Smith & Wesson Model 22A
I have owned many .22 pistols over the years, and can say without a doubt, that a good one is worth its weight in gold in terms of overall fun and usability. They are the most accurate, affordable, and generally utilitarian of all the handguns I've ever owned.
Would I choose to take one into the Alaskan backcountry to ward off Grizzlies? No, neither would I keep one next to the bed to deter thieves and monsters. However I have found that over the long years, I HAVE chosen a .22 pistol more times than not to accompany me on hikes, gravel pit plinking fests, camping trips, hunting trips, and most other general shooting occasions. The combined benefits of cheap ammo, (relatively) cheap weapon, low recoil, and astounding accuracy all come together to make a .22 pistol an all around winner. And statistically, they are not even that bad a choice for combating bad guys...though I'd prefer something whose caliber begins with .45.
The first .22lr pistol I ever lugged about was my fathers High Standard Military. A really fine pistol, and lots of little things died under its sights. However, it was and is my fathers, and so when I left the nest, I had to find something to replace it with.
Next I bought a Smith & Wesson 422 with a six inch barrel. This was a wonderful pistol. Lightweight, accurate, and inexpensive. However, this was in my fiscally see-sawing youth, and I eventually sold the thing to pay bills or some stupid thing. I eventually replaced it with a S&W Model 622, which was the same pistol with nicer grips and adjustable sights. It was nice, but for some reason, I didn't like it as much as the 422. I pawned it off to buy something else and then went and bought one with a 4" barrel to use while mountain biking due to its ridiculous light weight. It wouldn't hit the broad side of a barn, so I gave it to a chum for a wedding present or something.
About this time Smith & Wesson figured they'd sold me enough of this series of pistols and discontinued them. So I bought a Browning Buckmark. It was a beautiful pistol. I bought it, and stopped at a friends place on the way home. We went out back to try it out, and I slew a big, fat squirrel with it on its very first shot. We all figured this was some sort of omen, and so I kept that pistol for a long time. But I was never really happy with the way the slide and the frame were arranged. In a hurry, I'd go to grab the slide to jack a round in, and end up with a handful of frame. It sure was pretty though, Black with gold trigger...oh!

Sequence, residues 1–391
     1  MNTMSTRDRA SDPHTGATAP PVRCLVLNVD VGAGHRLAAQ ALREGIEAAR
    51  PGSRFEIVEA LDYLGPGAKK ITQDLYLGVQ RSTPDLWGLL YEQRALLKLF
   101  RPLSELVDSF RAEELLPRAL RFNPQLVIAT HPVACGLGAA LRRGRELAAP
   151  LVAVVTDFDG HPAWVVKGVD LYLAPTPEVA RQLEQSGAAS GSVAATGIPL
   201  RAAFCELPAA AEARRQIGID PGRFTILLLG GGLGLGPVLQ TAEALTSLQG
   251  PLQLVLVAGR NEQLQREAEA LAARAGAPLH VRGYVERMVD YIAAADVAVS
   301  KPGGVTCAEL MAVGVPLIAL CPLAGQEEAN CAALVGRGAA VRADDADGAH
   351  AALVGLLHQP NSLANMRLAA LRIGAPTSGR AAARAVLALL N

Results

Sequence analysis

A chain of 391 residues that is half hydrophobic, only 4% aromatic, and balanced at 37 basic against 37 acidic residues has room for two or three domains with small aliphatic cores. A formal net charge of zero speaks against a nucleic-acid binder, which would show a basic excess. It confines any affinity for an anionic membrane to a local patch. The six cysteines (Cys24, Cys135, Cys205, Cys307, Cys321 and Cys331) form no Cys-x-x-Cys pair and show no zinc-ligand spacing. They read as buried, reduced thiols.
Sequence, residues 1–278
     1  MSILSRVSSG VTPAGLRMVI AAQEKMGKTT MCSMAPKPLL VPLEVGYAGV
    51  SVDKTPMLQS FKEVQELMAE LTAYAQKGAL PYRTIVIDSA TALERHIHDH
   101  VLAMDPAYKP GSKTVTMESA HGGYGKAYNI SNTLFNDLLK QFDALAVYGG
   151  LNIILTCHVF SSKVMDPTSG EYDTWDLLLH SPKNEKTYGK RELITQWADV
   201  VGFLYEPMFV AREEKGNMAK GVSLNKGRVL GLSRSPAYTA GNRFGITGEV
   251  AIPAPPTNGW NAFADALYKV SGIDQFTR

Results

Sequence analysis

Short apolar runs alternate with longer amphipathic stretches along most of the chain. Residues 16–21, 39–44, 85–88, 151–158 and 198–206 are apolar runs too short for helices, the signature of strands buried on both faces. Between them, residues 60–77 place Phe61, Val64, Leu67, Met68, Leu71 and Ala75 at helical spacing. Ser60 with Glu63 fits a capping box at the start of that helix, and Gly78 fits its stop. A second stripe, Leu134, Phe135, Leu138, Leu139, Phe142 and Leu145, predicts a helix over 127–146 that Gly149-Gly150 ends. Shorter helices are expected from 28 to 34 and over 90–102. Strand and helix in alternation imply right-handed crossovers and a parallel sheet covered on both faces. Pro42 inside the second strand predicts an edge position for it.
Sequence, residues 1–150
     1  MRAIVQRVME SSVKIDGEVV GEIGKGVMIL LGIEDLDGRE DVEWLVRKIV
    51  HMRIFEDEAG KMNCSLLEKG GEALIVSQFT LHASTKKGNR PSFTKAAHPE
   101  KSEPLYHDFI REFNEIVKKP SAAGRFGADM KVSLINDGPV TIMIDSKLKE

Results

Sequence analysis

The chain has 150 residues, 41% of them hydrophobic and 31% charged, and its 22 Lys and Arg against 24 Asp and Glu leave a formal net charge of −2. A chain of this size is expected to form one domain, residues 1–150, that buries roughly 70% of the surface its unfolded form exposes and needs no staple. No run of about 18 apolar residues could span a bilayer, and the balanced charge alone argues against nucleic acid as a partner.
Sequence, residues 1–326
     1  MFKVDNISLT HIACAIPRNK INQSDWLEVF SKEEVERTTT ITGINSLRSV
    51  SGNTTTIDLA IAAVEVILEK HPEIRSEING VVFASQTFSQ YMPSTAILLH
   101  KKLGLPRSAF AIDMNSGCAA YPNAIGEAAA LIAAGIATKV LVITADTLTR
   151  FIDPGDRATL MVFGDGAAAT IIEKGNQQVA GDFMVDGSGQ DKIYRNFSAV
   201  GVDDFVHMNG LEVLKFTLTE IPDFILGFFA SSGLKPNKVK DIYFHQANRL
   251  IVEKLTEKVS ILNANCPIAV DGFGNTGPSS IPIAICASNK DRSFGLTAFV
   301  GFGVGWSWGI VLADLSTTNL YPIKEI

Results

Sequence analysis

I eventually got bored with it, and sold it.
Then I bought a cheap .22 1873 type Single Action Army style six gun. It broke. I eventually fixed it by buying better parts from it's more expensive, higher end "clone" competition, and doing some home gunsmithing to get it to work. I like single actions, but I missed the auto for plinking.
So I bought the Smith & Wesson Model 22A.
It was everything my opinion of a 22 pistol should be. Cheap. Accurate. Easy to use. Accurate. Cheap. I bought a long 7" barreled adjustable sight version, and was tinking targets left and right. It even came with scope rails mounted integrally to the top. I scoped it and shot it. I shot it with iron sights. I shot the piss out of it. Then one day I put it under the seat in my truck and put the seat back. There was a terrible sound. When I looked underneath I found to my horror that the seat mount had torn the crap out of the plastic grips. I was heart broken.
Fortunately, the internet saved the day. I popped on line and ordered up some new grips. While there I saw that there were other barrel sizes available, and, due to the modularity of the design, one could pop a different one on in about six seconds. Ker-Ching! The sound of my credit card ringing through cyber space was deafening. While I couldn't complain about the accuracy of the big barreled 22A, I could complain about how slightly unwieldy it was with all that steel sticking out there in a relatively unbalanced sort of way. I bought a 5" round bull barrel for it and decided I'd see how I liked that. When it arrived, I was right in the middle of my initial passion for coating things with Norrell's Moly-Resin, so I promptly redid the pistol, and it's new barrel in Olive Drab Green with Black accents. I took it out to my favorite plinking place and WOW! Nirvana had been attained. The already wonderful little pistol was much improved. Accuracy was as good, if not even better than before (perceived that is). The balance was perfect, the size was perfect. Weight was perfect. I was dinging little pieces of flotsom and jetsom left and right.
First 22A in final configuration
All was well with the world.
So I sold it.
A pal of mine had been looking for a .22 semi-auto for some time, and I let him shoot mine. He fell in love with it.
He asked me how much I wanted for it. I told him it wasn't for sale. He named a price. It was as much as a brand new one. I sold it.
Then I went down to the local Gun-o-rama and bought a brand new one just like it. I even slathered it up in O.D. Green the same. So now I have a brand new one, and am happy. I have a pal whose happy, and we both have Green Smith & Wesson Model 22A's which are happy!
Second 22A (note black trigger and take down button vs. original above)
I'd recomend this pistol with all my heart to anyone looking for a good .22 semi-auto pistol. Just make sure you get the 5.5" barreled version for general carry. The 7" is great for target shooting at a range, but I found the accuracy wasn't that much better, and the long barrel did impede ease of carry in the field.
"Peanut Butter Jelly Time!"
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